Giants still face ‘challenges’ but GWS fans enjoying AFL finals journey | AFL

The club with the AFL’s lowest average home ground attendance this season is – fittingly – the most impressive on the road. The GWS Giants have won eight matches on their travels, more than any other side, and at eight separate venues. Having beaten St Kilda last weekend in the first week of the finals in Melbourne, they now take on Port Adelaide on Saturday at the Adelaide Oval as underdogs.

Not only do their players enjoy an interstate adventure, so too do the Giants’ biggest fans. Captain of the GWS cheer squad Mark Costello has been to every away final in the club’s history (apart from during the Covid pandemic), including the last visit to South Australia in 2017.

“I remember it was a pretty high-spirited game, because I was sitting right behind the goals,” he said. That day, the minor premiership-winning Crows defeated the Giants in the first week of the finals by 36 points thanks to three goals from Eddie Betts. “The team was desperately trying, I could hear them carrying on and trying to encourage each other, but it just didn’t work.”

2017 was just the second season in which the Giants had played in September, after their narrow preliminary final loss the previous year to the Bulldogs, who went on to win a flag. Since then, Costello believes the club has made progress. “We’re still building, and getting record numbers of supporters each year, though I think we’re still the second lowest supporter base,” he said.

Captain of the Giants’ cheer squad, Mark Costello, was in Adelaide for the 2017 qualifying final.
Captain of the Giants’ cheer squad, Mark Costello, was in Adelaide for the 2017 qualifying final. Photograph: Supplied by Mark Costello

Although the Giants averaged a little over 10,000 at their home matches this year, last week the club gained 33,000 members for the first time. In comparison, Collingwood, West Coast and Richmond boast more than 100,000, while rivals Sydney have 65,000.

Costello says the club’s supporter base is not only growing in number, it’s becoming different. “The interesting thing I find is that we are getting so many more young kids to games so, generationally, we’re starting to change.”

The Giants debuted in the AFL in 2012 as part of the league’s strategic foray into the traditional rugby league territory of the northern states. Alongside the Gold Coast Suns, one year older, the Giants have benefited from draft picks and head office investment that has often drawn envy from their southern rivals. GWS, despite boasting a record of never having been eliminated in the first week of the finals, have ultimately collected more critics than premierships.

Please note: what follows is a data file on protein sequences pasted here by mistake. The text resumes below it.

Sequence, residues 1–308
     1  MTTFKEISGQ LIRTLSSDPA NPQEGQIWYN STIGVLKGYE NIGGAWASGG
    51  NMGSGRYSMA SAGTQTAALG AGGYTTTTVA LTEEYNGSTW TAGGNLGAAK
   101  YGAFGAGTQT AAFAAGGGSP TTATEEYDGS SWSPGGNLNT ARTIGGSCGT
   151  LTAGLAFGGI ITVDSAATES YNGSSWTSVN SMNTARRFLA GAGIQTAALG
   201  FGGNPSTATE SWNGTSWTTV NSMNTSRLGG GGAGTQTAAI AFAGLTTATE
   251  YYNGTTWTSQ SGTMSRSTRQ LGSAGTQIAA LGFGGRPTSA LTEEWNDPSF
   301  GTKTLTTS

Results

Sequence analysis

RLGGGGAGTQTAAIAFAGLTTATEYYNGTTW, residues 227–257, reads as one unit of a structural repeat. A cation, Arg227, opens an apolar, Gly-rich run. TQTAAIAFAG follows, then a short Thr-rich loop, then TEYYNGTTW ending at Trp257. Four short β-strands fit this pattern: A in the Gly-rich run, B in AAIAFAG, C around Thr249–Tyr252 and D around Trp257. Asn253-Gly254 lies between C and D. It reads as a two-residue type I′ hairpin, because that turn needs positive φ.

The 61-year-old Costello acknowledges the club still faces “many challenges”. A deal with the ACT government means GWS splits its home games between Sydney and Canberra. “It’s hard to build a base when you don’t have as many games as other clubs in their home city,” Costello said. He argues there’s high parking costs for fans at its Sydney base at Homebush, along with substandard public transport links that are prone to trackwork.

But the issue most heavily discussed among members of the cheer squad is player retention. “We’re always worried about recruiting players that don’t stay around and [instead] go back to their home states. We lost Bobby Hill [to Collingwood last year], Tim Taranto and Jacob Hopper [both to Richmond] – that seems to happen year after year.”

Kieren Briggs of the Giants and Rowan Marshall of the Saints compete for the ball during the elimination final at the MCG.
Kieren Briggs of the Giants and Rowan Marshall of the Saints compete for the ball during the elimination final at the MCG. Photograph: Robert Cianflone/Getty Images

Those departures made Giants’ fans pessimistic about the team’s chances this year. The team’s success under new head coach Adam Kingsley, therefore, has been a pleasant surprise. “He’s building up a lot of support with the players so I’m hoping that sort of activity will be reduced,” Costello said.

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Originally a fan of the North Sydney Bears rugby league side, Costello fell out of love with that code when his team merged with Manly. He took a liking to AFL but the Swans never appealed, so when the Giants launched they had his attention. But it wasn’t until a trip to Victoria in 2014 and a game sitting with the Giants cheer squad watching the team’s first win at the MCG that he became hooked. Since then his commitment to the club has been steady, making his appointment as squad captain “by default”, he said.

Costello will attend the game on Saturday alongside members of the Adelaide branch of the Giants’ supporter group. It’s small – just 122 members on Facebook – but South Australia-based fan Darren Pusey said it has made supporting the team “even more enjoyable” since its establishment three years ago. “The group has helped us as members and supporters in South Australia to feel a part of the Giants community.”

While Pusey and Costello will be hoping to hear the club’s song, Big Big Sound, played on Saturday night, one GWS fan will be not be there in person. Ben Costello, Mark’s 26-year-old son, said he prefers to watch the games at the pub. “I’ll be happy to go to the games, maybe just not covered in bright orange waving flags … that’s definitely more his thing.”

That doesn’t bother his father, long ago ensconced in the Giants family. “We’ve come from 15th, right up to playing this weekend,” the senior Costello said. “We’ve just enjoyed the journey, so hopefully it will continue.”

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